Our tile is 13 x 13 x 1/4 and we have a 1/4 x 3/8 trowel.
I think they gave us this size because they had talked us
into tiling over our cushioned vinyl. When push came to shove we just couldn't do that so we took it up. Would you (IF you tiled over vinyl) use a thicker mortar?
Should we change and get a 1/4" square trowel to do the rest?
Dang, so many things to think about and shhhh don't let anyone else read this, but hubby isn't a beer drinker
so I'm not sure how this job will turn out! ;)

Dirinda

tileguytodd
10-16-2002, 07:07 AM
Personally,I wouldnt Tile Over Vinyl.
You can get away with using the 3/8" Trowel by holding your angle down.However,if your headed to the store anyway,i would change out to a 1/4"x 1/4" Otherwise you may end up with a ton of morter between your joints.
Perhaps you could start your own Thread and we can help you with preperation before you lay your Tile.
Even non beer drinkers are allowed here (we're just skeptical about what they say ;) )

Ive got to go to work,others will be along. :)

Dirinda
10-16-2002, 07:26 AM
Well, we aren't installing over Vinyl either. Just made no sense no matter what the tile store said.
I kinda did start my own thread...."Question about grout".
Plus, I had a thread "Ceramic tile has a pattern".
I'll try to stay on the "qrout" thread :)

John Bridge
10-16-2002, 04:54 PM
Dirinda,

Yes to the 1/4 by 1/4. The 3/8 will cause you misery. ;)

Dirinda
10-17-2002, 04:34 PM
John,
I picked up the 1/4" x 1/4" trowel along with some
big sponges and some pencil thingys to mark the tiles
for cutting!
Thanks,
Dirinda

John Bridge
10-17-2002, 04:45 PM
Okay, take it slow and easy now. Don't get in a rush. Lots of standing around is called for here. ;)

Bud Cline
10-17-2002, 04:54 PM
Pencil thingys???

Dirinda
10-17-2002, 05:24 PM
Darn it...I knew that would get me in trouble. haha
Ok, so I went and got the pencils...they are called,
and I quote..."China Markers".
:p
Dirinda

Bud Cline
10-17-2002, 06:13 PM
Curious....what type finish on the tile?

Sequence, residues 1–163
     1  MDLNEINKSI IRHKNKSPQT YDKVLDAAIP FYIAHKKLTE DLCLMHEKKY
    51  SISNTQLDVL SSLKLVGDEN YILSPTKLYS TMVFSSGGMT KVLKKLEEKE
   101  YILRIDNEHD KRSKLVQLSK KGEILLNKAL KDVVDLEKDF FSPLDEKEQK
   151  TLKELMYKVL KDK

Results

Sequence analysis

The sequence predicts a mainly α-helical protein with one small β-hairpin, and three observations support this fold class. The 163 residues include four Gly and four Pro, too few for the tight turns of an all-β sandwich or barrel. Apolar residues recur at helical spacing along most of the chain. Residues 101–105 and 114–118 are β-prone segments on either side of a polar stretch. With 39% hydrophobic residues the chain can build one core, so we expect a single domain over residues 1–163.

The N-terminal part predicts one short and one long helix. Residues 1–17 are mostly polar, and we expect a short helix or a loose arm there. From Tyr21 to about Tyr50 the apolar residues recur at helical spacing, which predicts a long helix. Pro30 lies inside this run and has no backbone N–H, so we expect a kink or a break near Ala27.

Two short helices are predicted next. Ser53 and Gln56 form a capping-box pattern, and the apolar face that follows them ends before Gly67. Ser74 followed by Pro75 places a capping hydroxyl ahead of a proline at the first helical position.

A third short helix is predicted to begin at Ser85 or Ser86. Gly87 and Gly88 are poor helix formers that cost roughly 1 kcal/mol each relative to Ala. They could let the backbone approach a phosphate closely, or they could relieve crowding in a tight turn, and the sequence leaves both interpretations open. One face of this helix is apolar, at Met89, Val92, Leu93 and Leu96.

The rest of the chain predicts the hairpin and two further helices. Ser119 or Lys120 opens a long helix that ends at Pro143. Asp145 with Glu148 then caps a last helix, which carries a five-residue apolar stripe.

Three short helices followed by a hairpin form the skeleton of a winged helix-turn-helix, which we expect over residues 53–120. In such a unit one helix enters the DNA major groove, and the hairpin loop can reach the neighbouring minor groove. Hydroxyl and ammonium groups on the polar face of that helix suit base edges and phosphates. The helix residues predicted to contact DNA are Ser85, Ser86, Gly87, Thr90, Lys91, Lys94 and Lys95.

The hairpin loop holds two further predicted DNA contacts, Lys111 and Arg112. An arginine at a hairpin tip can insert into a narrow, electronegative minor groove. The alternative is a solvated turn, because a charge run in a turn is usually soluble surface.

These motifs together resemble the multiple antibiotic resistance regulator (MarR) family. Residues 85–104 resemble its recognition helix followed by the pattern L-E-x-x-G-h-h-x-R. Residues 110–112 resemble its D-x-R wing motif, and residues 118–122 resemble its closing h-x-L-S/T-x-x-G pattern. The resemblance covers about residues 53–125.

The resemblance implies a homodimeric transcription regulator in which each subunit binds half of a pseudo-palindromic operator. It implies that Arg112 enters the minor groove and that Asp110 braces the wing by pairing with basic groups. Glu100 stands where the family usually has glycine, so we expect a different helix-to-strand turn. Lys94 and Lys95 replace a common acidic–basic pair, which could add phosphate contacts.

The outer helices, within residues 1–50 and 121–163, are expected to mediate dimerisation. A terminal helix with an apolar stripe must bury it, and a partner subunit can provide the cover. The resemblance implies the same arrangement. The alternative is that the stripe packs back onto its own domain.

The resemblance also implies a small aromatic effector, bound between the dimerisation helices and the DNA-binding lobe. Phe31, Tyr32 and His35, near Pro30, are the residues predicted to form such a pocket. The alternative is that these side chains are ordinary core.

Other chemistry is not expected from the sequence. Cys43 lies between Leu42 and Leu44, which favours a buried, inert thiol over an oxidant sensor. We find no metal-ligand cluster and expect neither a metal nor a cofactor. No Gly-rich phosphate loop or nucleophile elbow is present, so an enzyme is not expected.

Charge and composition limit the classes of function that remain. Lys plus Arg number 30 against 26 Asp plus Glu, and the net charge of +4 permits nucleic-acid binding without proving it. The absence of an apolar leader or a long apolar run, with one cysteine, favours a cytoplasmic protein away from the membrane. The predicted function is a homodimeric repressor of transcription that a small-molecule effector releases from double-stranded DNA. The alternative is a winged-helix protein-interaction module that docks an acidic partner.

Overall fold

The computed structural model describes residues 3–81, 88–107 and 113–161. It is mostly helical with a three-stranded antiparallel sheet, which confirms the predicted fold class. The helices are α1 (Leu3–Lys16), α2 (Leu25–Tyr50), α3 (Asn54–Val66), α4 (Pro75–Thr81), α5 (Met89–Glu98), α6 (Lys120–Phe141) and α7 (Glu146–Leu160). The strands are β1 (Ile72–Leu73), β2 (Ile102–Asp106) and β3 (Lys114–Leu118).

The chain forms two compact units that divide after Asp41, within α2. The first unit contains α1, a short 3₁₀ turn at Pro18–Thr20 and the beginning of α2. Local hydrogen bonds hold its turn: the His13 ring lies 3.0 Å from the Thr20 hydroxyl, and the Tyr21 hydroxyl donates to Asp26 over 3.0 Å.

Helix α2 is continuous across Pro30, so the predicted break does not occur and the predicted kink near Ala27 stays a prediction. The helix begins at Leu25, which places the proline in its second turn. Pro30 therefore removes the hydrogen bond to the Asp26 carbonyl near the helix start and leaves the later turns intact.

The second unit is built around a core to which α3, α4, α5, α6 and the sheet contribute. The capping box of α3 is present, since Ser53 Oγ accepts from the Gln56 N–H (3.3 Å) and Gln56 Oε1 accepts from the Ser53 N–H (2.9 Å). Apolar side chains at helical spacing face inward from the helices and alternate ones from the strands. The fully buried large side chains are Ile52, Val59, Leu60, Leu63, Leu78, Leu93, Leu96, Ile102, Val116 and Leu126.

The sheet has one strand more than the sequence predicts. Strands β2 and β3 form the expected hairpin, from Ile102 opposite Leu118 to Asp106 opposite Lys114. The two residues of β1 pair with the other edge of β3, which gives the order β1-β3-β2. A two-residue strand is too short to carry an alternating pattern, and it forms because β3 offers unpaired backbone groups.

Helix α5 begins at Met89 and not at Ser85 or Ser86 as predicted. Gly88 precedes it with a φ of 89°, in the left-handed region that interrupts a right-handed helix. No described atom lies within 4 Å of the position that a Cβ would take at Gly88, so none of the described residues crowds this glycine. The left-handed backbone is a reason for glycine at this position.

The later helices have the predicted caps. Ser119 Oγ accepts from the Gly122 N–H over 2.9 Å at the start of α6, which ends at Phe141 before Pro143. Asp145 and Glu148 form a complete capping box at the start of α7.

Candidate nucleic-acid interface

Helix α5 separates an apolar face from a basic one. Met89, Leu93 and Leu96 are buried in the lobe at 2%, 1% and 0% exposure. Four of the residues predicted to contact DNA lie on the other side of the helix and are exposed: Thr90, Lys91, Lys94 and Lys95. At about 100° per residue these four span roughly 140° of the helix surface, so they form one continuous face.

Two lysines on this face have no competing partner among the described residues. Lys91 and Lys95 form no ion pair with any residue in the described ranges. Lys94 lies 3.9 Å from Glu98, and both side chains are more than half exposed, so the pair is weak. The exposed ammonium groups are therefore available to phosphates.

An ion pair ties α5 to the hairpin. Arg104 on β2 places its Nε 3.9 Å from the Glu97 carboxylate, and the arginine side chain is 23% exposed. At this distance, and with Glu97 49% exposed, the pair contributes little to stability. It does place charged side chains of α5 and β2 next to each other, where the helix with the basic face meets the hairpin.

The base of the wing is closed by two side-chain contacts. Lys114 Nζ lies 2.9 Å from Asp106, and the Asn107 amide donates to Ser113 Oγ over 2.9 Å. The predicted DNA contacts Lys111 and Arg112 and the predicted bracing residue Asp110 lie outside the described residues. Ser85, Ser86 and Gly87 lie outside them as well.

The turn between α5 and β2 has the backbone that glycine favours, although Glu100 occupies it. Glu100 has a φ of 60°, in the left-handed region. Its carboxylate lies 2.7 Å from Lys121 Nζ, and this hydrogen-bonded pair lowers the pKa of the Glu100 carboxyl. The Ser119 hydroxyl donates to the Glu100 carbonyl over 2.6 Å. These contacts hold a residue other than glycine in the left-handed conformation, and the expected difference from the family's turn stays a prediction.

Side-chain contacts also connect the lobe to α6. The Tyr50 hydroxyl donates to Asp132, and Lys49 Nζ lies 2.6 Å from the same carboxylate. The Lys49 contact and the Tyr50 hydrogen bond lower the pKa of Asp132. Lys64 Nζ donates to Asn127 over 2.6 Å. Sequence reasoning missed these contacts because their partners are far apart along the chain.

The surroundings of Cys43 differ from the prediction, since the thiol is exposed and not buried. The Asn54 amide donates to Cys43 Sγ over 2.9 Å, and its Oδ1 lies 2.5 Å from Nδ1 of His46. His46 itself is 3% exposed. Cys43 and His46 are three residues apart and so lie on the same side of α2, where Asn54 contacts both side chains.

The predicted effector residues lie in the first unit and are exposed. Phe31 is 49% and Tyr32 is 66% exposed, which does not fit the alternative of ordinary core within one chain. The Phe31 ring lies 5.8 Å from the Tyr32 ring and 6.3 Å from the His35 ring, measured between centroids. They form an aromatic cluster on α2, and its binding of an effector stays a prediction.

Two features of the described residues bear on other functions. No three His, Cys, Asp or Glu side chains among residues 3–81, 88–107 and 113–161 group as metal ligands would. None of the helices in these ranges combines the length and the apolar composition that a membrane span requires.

Dirinda
10-17-2002, 06:37 PM
Finish? I have no idea. They aren't shiny tho.
See, the reason I got the pencils is because I took
two tiles out to HD to get them cut so we could finish
up the W/D area and get the machines back in to use.
Anyway, Hubby had marked the lines where the cuts were to go and he used some sort of magic marker I guess because when the guy at HD started to cut the tile, the marker
washed off as soon as he put it under the saw with the water. So, when I was picking up a new trowel, I saw these pencils and bought them. Whew, that was complicated.
Should we not use the pencils? What is the best way to mark the ceramic tiles?
Dirinda

Bud Cline
10-17-2002, 07:48 PM
China markers are fine but they won't mark all tile surfaces which is why I asked. A rough surface can be marked with a lead pencil a smooth surface usually won't take much of a mark except from a felt tip. I use permanent Sharpies for almost everything. Not usually permanent though. You havce to be careful what you use with some tiles.

Dirinda
10-17-2002, 08:24 PM
I see what you are saying. Guess I bought those pencils for naught. A lead pencil makes sense. Thanks for asking questions!
Dirinda

Jerry The Tile Guy
10-17-2002, 09:22 PM
I'm a Listo marking pencil kind of man myself. Always have a black and red one with me.
Have noted of late though that the lead pencil will make a mark that will stay around long enough to get a cut started on many of the porcelain tiles.

Sonnie Layne
10-17-2002, 09:57 PM
tape and pencil on dark surfaces, the tape will stay on long enough for the cuts. China markers don't have a fine enough tip for fine cuts.

Bud Cline
10-18-2002, 12:37 PM
China Marker leads can be run thru a childs type pencil sharpener for a finer point when necessary.